The Estonian Swan drone, above, and its Georgian younger brother, below.
Georgia made a splash last week when it rolled out what it said was its first domestically produced drone aircraft. “No one will share this [pointing to the Georgian-made drone] with others; it’s ours," said President Mikheil Saakashvili, at its unveiling. "We no longer depend on others.”
But now it's emerged that the drone may not be quite as homegrown as was originally presented. A variety of observers have noticed a strong similarity between the Georgian drone and the Swan, a UAV produced by Estonian company ELI. (See here for some more photos of both.) Even the digital camouflage pattern on the ground control system (visible at about 0:41 of the video in the original post) seems to be the same pattern used by Estonian armed forces.
Irakli Aladashvili, the editor of a Georgian military magazine, says the drone does in fact appear to be a close relative of the Estonian. Writing in the newspaper Kviris Palitra (below translation from BBC Monitoring), he says:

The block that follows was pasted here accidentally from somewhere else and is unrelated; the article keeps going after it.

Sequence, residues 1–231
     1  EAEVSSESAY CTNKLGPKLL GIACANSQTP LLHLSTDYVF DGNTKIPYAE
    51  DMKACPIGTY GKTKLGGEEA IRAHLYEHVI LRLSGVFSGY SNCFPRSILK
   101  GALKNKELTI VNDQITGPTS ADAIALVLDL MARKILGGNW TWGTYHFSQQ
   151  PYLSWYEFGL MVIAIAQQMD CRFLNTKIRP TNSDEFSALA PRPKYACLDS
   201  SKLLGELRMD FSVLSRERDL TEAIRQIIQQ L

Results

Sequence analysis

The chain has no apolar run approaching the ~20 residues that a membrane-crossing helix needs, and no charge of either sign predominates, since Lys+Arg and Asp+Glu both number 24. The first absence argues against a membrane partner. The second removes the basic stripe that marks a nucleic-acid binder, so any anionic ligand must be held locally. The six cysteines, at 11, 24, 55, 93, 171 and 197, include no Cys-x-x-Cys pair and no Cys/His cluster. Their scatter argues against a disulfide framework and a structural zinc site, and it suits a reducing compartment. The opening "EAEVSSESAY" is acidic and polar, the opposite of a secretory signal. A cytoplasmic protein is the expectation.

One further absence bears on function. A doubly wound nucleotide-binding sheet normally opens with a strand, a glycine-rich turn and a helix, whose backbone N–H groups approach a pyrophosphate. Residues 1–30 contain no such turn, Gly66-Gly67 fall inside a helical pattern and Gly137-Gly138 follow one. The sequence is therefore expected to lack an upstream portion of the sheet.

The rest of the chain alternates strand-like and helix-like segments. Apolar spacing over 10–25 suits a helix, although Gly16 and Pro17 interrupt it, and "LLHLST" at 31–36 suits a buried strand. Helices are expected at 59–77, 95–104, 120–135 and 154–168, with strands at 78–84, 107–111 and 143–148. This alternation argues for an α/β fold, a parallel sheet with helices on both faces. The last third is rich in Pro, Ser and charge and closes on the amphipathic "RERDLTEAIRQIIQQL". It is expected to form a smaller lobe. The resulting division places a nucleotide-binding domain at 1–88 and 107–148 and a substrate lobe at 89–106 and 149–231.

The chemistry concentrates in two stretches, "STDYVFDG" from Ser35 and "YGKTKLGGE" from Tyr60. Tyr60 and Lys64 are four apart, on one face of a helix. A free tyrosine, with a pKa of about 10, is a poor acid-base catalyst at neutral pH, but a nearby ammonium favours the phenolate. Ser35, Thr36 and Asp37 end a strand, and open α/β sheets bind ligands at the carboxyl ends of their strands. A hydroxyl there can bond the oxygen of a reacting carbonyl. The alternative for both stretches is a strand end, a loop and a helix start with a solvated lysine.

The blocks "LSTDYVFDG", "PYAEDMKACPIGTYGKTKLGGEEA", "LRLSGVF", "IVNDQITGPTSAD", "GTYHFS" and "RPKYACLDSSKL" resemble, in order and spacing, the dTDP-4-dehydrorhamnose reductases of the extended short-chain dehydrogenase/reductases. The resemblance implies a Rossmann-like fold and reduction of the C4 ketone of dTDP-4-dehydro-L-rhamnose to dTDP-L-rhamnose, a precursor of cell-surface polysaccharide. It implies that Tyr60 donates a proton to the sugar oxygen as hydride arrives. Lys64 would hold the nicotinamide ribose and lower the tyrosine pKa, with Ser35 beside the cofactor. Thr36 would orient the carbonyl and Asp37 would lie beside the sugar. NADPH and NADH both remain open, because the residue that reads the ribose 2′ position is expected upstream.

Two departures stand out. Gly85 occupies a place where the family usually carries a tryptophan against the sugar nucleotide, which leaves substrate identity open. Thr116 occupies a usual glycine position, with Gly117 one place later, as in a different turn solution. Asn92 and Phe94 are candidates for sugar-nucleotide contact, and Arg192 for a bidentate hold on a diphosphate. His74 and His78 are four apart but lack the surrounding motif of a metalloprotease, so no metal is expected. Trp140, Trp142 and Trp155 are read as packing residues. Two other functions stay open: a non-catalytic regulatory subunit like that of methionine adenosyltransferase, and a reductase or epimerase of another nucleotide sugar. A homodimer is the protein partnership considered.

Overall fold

A detailed study showed that the Georgian unmanned aircraft presented last week looks very similar to the Estonian one, which makes us think that the unmanned aircraft christened as Georgian, might be made under the license of Estonian ELI. Suspicion is deepened by the camouflage cover of the computer of the land complex for the control of the pilotless aircraft. This kind of camouflage is typical only of the Estonian Army.
Certainly, it is good that the Georgian industry starts assembling aircraft under a bought license, as the Georgian Army badly needs unmanned aircraft. In addition, sharing the experience of others is better than inventing a wheel anew, especially when NATO member Estonia, which has supported Georgian military forces earlier too, is lending us a hand. However, it would have been better if they had told us the truth at the presentation. At present, ill-wishers are "having fun" in the Internet regarding the discovery of the first Georgian unmanned aircraft's "elder brother" in Estonia.
Of course, if the aim is to get a UAV from a country that won't give key information to Russia, as Israel apparently did, Estonia is a good choice. But as Aladashvili says, why not just admit that up front? But one Georgian wit noted in a forum post, the name of the Estonian drone is a fortuitous one: "It will be named Svan and we can still call it ours."